Iran Judge Bans Reformist Book Sale
TEHRAN, Iran (AP) _ A hard-line judge has banned the sale of a book that implicates former government officials in the 1998 murders of five dissidents, the author’s wife and publisher said Saturday.
Judge Saeed Mortazavi did not give any reasons for imposing the ban on ``Tragedy of Democracy in Iran″ by Emadeddin Baqi, Baqi’s wife, Fatemeh Kamali, said.
The book has gone through four editions, meaning a total print order of 16,000 copies, since it was first published in May. An official at the publisher, Nei, speaking on condition of anonymity, confirmed it had been ordered to remove the book, but would not give details.
Baqi, whose books are best sellers in Iran, has been in prison since May after being convicted of insulting Islam in articles he wrote last year for the now-banned Neshat newspaper.
Kamali said that she had informed her husband of the ban in a telephone call to his prison.
Judge Mortazavi is one of the magistrates behind the closure of more than two dozen pro-reform newspapers since April.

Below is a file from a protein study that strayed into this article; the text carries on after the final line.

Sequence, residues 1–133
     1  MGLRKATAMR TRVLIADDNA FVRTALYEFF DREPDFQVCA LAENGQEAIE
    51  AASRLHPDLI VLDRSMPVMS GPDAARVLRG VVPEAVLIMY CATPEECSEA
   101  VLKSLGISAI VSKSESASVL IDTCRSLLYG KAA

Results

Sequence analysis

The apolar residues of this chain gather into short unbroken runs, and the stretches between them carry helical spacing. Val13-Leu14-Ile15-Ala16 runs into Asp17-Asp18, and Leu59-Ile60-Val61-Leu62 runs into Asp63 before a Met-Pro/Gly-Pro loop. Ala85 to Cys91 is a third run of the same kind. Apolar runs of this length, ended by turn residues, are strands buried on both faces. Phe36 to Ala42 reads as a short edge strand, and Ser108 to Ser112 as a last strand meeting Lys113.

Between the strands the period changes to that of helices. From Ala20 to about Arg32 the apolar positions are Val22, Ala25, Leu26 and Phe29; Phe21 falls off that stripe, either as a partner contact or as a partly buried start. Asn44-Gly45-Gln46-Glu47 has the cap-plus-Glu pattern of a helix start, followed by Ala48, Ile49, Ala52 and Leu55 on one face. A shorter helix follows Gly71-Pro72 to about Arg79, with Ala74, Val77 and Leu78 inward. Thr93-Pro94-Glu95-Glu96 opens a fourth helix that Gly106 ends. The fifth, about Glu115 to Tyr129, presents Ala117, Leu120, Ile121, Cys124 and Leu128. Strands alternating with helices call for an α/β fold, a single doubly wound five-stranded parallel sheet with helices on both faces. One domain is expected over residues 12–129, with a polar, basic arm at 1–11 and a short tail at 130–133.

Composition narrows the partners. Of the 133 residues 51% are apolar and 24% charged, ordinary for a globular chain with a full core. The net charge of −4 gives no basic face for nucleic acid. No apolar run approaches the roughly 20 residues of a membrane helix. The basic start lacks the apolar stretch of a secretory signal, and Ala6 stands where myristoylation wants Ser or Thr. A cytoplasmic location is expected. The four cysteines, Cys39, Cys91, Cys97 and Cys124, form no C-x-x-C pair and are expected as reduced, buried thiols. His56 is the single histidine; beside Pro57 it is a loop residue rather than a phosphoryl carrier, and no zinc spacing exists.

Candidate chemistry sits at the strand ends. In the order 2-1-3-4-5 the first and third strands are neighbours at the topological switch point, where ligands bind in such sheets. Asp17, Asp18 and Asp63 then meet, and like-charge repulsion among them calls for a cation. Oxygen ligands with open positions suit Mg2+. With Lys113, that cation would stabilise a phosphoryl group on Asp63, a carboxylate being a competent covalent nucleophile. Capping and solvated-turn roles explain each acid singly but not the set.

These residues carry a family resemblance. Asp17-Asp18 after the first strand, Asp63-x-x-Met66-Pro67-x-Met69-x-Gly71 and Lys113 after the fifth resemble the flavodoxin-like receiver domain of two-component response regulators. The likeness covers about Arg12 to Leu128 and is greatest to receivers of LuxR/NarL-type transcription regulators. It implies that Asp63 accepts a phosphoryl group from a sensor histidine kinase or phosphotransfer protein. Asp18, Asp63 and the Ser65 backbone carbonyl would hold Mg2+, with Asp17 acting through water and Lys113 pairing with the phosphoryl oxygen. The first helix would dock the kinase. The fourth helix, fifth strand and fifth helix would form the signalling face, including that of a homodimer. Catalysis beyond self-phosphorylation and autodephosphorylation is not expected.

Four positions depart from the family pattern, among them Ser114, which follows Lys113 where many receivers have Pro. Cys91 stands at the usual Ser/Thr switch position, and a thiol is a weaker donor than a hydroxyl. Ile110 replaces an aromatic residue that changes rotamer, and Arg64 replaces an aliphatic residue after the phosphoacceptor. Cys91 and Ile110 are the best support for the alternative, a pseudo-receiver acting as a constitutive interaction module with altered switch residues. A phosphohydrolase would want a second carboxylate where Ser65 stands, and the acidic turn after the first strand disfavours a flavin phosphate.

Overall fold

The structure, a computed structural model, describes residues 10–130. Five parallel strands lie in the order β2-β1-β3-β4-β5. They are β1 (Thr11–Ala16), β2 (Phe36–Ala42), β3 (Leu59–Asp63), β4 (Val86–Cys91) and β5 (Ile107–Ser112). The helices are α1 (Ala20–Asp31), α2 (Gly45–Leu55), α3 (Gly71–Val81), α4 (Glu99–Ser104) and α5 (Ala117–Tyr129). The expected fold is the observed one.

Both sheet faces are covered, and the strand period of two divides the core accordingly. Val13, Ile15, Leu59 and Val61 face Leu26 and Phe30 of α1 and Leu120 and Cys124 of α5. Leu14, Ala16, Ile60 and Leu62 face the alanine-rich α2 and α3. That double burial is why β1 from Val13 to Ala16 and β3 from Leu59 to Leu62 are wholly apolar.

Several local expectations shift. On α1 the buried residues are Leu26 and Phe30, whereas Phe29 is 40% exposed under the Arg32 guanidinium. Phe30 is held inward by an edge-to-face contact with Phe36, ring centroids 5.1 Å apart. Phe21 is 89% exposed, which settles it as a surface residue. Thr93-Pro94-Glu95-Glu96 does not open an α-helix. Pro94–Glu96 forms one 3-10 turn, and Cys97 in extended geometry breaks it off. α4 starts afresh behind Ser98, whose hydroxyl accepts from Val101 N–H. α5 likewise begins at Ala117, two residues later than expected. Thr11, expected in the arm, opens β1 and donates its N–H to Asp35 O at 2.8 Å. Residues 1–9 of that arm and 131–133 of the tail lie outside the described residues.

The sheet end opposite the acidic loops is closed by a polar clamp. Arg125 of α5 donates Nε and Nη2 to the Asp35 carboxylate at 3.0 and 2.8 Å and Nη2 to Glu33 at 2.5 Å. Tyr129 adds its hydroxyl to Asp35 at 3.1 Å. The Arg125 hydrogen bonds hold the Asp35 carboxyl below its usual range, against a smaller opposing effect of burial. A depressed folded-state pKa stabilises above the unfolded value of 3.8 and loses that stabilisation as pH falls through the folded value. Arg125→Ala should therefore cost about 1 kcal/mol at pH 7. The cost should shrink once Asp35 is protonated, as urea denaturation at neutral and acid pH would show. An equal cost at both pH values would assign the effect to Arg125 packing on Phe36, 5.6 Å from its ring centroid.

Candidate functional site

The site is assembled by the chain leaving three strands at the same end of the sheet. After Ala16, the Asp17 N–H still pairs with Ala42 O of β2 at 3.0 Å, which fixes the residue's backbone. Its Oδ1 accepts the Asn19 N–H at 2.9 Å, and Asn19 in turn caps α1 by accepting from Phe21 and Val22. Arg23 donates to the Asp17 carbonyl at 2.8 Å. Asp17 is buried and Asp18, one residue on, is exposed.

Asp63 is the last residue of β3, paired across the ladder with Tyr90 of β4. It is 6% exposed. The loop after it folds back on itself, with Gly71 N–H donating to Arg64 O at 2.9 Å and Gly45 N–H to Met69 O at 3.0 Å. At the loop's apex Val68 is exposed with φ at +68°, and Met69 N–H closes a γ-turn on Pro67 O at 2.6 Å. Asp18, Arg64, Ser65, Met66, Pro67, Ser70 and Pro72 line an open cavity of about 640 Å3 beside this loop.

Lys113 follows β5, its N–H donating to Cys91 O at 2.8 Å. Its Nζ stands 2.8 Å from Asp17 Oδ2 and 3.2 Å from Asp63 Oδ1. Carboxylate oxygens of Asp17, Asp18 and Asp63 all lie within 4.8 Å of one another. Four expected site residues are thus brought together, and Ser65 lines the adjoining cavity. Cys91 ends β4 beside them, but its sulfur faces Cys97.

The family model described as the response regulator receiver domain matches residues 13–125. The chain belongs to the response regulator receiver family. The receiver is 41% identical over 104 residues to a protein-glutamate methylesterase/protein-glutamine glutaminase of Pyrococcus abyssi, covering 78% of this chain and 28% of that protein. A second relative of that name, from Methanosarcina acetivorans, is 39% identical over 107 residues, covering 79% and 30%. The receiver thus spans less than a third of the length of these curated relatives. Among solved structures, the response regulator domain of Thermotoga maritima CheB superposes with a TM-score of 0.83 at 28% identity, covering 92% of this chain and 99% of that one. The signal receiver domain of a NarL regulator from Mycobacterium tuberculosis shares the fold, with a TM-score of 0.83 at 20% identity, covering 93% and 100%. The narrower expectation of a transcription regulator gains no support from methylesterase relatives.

``The book had been published with the authorization of the Culture Ministry. The judge has no legal right to issue such an order,″ Kamali said.
She added she believed her husband’s prison sentence had been increased to 7 1/2 years from an initial 5 1/2 years because of the book.
``Tragedy of Democracy in Iran″ implicates senior hard-liners _ including former Intelligence Minister Ali Fallahian and former President Hashemi Rafsanjani _ in the murder of five pro-opposition activists and writers in late 1998.
The Intelligence Ministry has admitted some of its agents were involved in the murders, but said they were rogue operatives.
The agents, who are in custody, are believed to be sympathetic to hard-liners fighting a popular reform movement led by President Mohammad Khatami.
The reformists won control of parliament in February’s legislative elections, but hard-liners still run the judiciary, military and the broadcast network.
Three writers or journalists have been detained in the past week, joining two dozen already in Tehran’s Evin prison. Most are being held on the charge of ``insulting Islamic sanctities.″